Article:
Hate to be Rude: Gillis’ career revival

Tom Gillis

Tom Gillis

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LEMONT, Ill. – Tom Gillis is perhaps the best story this week at the BMW Championship. At 42, he’s a career journeyman who thought about quitting competitive golf less than four years ago. Now he’s playing the best golf of his life, at an age when many show signs of decline, and finds himself 48th in FedEx Cup points on the PGA Tour.

“If we talk about the journey, we’ll be here a long time,” said the man who didn’t finish better than 139th in earnings in two previous full Tour seasons.

Gillis has earned $1.07 million officially this year, more than his combined total of the past on Tour. His swing, putting stroke and commitment revamped, he thinks he can win a Tour event. Now he has a chance to make the top 30 and get to next week’s Tour Championship. That would mean more potential riches and entry into the first three major championships of 2011 and other big events.

photo

Tom Gillis during the 2010 Farmers Insurance Open.

That would mean another step up a ladder, far from his position on Rung 1 in late 2006. That was the low point for someone who had undergone three hand surgeries and played golf in 26 countries

“I thought about hanging it up,” said Gillis, who has three finishes in the top 10 this year, including a T-5 last week at the Deutsche Bank Championship, and seven top 25s. “I went home to Michigan and sat around for three months and talked to some people about (golf instructor) jobs. I didn’t know if I wanted to make the commitment to come back.

“But now it’s all gravy.”

Gillis played the PGA European Tour in 1998-2002,  learning how to play in difficult weather and “how to become tough between the ears.” Then he sandwiched an injured year with a couple of unsuccessful PGA Tour seasons in 2003 and ’05. After hitting bottom, he moved to Florida in early 2007, recommitted and improved his swing and putting under the guidance of a new instructor, Jeff Leishman.

He shallowed out a swing that had a closed clubface and steep angle of attack. After studying plane and arc, he changed his stroke and putter.  Gillis got back to the big Tour after finishing fifth in Nationwide Tour earnings last year. Now, thanks to the changes and confidence, he ranks first in birdie average, 12th in total driving and 13th in putting average.

“Now I’m disappointed,” said Gillis, coming off a 65-65 weekend at TPC Boston. “I thought I’d have more chances to win this year.”

• • • 

photo

Charley Hoffman after winning the Deutsche Bank Championship.

You be the judge. Say we had one U.S. Ryder Cup pick left and had to choose among three players. Here are their records since July 1:

Player A: Seven starts, two missed cuts, best finishes of T-14 and T-33.

Player B: Seven starts, five top 25s, best finish of fifth place.

Player C: Seven starts, best finishes of 1, T-4, T-7 and T-10.

Who’s your pick?

Rickie Fowler is Player A. Captain Corey Pavin, admittedly relying on his gut instincts, picked him.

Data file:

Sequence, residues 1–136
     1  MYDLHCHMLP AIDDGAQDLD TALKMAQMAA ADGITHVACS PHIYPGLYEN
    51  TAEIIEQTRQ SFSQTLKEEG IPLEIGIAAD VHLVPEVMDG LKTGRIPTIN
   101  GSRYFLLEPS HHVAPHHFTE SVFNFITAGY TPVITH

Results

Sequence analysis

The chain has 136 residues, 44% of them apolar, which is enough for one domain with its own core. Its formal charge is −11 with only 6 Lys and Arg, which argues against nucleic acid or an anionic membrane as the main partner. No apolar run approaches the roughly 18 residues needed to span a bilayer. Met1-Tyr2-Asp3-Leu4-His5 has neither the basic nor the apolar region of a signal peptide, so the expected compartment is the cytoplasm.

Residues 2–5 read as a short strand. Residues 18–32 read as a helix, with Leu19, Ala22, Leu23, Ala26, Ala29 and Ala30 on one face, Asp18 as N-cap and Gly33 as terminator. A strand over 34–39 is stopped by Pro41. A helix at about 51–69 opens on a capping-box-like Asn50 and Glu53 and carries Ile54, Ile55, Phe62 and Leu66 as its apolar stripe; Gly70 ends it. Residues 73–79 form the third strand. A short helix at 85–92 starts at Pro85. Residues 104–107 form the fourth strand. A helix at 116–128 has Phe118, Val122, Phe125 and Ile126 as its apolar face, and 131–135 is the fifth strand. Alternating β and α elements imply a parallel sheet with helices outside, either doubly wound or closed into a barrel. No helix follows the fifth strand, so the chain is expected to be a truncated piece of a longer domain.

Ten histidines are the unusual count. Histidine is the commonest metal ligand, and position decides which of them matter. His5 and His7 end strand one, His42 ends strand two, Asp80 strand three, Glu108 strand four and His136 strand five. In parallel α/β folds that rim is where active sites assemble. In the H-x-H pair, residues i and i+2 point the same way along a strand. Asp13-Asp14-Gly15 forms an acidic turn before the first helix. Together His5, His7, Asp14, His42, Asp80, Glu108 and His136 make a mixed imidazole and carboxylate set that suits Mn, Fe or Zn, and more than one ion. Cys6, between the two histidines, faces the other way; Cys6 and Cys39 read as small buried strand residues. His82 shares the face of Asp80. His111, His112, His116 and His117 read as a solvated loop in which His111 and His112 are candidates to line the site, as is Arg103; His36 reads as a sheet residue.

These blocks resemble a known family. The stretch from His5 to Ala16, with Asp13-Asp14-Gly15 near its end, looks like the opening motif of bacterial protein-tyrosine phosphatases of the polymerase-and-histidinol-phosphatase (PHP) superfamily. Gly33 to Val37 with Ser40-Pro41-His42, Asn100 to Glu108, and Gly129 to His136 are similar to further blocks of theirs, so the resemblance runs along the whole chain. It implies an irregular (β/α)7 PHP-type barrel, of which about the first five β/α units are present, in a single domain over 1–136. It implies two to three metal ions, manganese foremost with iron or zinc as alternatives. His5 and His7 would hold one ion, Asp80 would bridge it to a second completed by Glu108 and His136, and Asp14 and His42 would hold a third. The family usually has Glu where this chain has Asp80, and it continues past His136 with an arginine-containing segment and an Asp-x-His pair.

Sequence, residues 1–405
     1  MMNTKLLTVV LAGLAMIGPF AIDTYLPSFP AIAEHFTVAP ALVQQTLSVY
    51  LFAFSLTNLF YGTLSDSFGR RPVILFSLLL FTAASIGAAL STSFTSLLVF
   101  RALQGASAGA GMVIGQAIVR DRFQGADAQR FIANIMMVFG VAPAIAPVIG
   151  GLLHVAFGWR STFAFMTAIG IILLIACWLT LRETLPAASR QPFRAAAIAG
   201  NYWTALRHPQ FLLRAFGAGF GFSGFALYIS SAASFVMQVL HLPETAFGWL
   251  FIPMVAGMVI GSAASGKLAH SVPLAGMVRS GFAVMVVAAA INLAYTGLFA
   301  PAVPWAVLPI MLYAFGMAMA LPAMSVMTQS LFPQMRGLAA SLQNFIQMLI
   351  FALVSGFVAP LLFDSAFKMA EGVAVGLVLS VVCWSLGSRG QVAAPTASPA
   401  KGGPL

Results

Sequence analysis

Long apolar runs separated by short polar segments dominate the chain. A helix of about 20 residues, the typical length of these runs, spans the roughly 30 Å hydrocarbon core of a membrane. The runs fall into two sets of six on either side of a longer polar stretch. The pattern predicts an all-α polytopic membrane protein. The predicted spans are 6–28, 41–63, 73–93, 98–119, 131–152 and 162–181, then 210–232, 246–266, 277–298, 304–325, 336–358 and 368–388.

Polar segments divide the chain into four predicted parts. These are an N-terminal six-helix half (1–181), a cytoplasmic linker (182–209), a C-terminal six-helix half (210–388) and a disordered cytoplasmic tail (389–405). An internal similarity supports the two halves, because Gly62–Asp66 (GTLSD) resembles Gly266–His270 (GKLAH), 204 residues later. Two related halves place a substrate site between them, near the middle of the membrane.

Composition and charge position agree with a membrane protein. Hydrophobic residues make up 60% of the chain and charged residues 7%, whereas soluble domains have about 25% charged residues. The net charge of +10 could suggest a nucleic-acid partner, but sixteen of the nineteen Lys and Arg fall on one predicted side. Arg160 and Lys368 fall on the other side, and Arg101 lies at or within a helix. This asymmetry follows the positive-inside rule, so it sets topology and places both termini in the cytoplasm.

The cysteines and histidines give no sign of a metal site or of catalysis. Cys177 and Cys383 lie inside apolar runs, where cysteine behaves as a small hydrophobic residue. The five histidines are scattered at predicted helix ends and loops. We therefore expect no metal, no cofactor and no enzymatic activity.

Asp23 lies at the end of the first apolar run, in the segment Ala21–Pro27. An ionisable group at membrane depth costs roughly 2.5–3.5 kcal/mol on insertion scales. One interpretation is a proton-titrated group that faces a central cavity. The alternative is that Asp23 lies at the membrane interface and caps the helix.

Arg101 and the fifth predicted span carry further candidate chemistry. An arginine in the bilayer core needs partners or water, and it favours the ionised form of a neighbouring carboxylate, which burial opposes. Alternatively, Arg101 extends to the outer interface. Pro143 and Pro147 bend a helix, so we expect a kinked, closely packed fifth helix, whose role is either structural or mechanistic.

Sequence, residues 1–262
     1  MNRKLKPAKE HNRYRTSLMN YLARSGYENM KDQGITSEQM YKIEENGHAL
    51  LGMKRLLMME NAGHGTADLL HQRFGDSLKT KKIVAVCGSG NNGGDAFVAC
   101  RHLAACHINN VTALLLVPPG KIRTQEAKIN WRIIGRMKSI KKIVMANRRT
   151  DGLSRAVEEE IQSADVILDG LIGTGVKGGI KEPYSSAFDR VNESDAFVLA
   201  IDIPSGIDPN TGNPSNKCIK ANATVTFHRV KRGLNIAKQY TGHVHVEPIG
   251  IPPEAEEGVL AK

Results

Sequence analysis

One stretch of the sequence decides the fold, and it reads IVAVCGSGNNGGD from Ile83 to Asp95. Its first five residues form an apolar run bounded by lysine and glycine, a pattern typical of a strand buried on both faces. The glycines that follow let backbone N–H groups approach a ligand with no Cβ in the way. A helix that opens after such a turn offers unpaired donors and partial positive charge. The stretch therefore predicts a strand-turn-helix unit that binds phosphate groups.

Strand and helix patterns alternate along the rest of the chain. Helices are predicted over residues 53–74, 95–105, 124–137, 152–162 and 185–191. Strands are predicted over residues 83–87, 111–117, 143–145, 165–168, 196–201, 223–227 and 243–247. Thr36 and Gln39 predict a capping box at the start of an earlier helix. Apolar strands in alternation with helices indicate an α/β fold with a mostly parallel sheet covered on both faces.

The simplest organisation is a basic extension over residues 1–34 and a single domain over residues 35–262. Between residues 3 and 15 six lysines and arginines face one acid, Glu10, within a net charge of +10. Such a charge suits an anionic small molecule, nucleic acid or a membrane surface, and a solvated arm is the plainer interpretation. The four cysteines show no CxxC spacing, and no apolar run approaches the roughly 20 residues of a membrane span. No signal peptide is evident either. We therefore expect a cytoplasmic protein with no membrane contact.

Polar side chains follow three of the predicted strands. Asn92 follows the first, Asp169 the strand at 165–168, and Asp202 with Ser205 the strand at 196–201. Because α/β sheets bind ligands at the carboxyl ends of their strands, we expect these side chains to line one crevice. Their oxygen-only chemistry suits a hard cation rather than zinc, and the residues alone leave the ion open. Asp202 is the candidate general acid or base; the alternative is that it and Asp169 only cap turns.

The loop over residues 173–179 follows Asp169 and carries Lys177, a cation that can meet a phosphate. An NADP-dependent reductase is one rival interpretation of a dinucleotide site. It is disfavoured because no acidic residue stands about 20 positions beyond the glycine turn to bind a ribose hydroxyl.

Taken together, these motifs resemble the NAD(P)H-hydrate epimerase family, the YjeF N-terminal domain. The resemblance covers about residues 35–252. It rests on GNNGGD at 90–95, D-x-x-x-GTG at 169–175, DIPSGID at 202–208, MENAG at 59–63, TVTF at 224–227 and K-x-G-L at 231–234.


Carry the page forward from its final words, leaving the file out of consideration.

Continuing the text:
Player B is J.B. Holmes.

Player C is Charley Hoffman, winner on Monday at the Deutsche Bank Championship, thanks to a closing 62.

Point is, if anyone has the right to feel snubbed by being not picked, it’s Hoffman.

• • • 

Tiger Woods has tied for 12th and 11th, respectively, since the PGA Championship, where he started working with instructor Sean Foley.

That used to be bad news for him. Now it’s progress that he says pleases him.

“That’s been nice to see the progress, to be able to go out there and hit the golf ball the way I know I can, know the fixes and understand the concept,” Woods said Wednesday at Cog Hill. “That is something I am proud of, and I’m showing some good signs so far and just need to keep building.”

Woods is 51st in FedEx Cup points and probably needs a top-5 finish to advance to the Tour Championship, the playoff finale.

• • • 

Speaking of hair, Rickie Fowler says he’s going to get a haircut before the Ryder Cup because he feels his locks have grown a little long.

He might fall down the money list if he has to pay by the inch.

• • • 

Given that then-world No. 8 Paul Casey and two-time 2010 Tour winner Justin Rose aren’t members of the European Ryder Cup team, Luke Donald was asked Wednesday whether the Euro side needs to change the selection process.

One of the three captain’s picks, Donald didn’t say no.

“I do believe that when you have (players like that) not make the team, maybe there’s a question for looking at how we can do this better to make sure we have the strongest team,” Donald said. “There’s a lot of players now that are playing around the world, and I think every great player wants to play against the best players (read: PGA Tour and FedEx Cup playoffs). I’m not sure if he should be penalized for that.”

Couldn’t have said it better myself.

• • • 

Jeff Rude’s “Hate To Be Rude” column appears on Golfweek.com on Wednesday, the same day as his video show of the same name.

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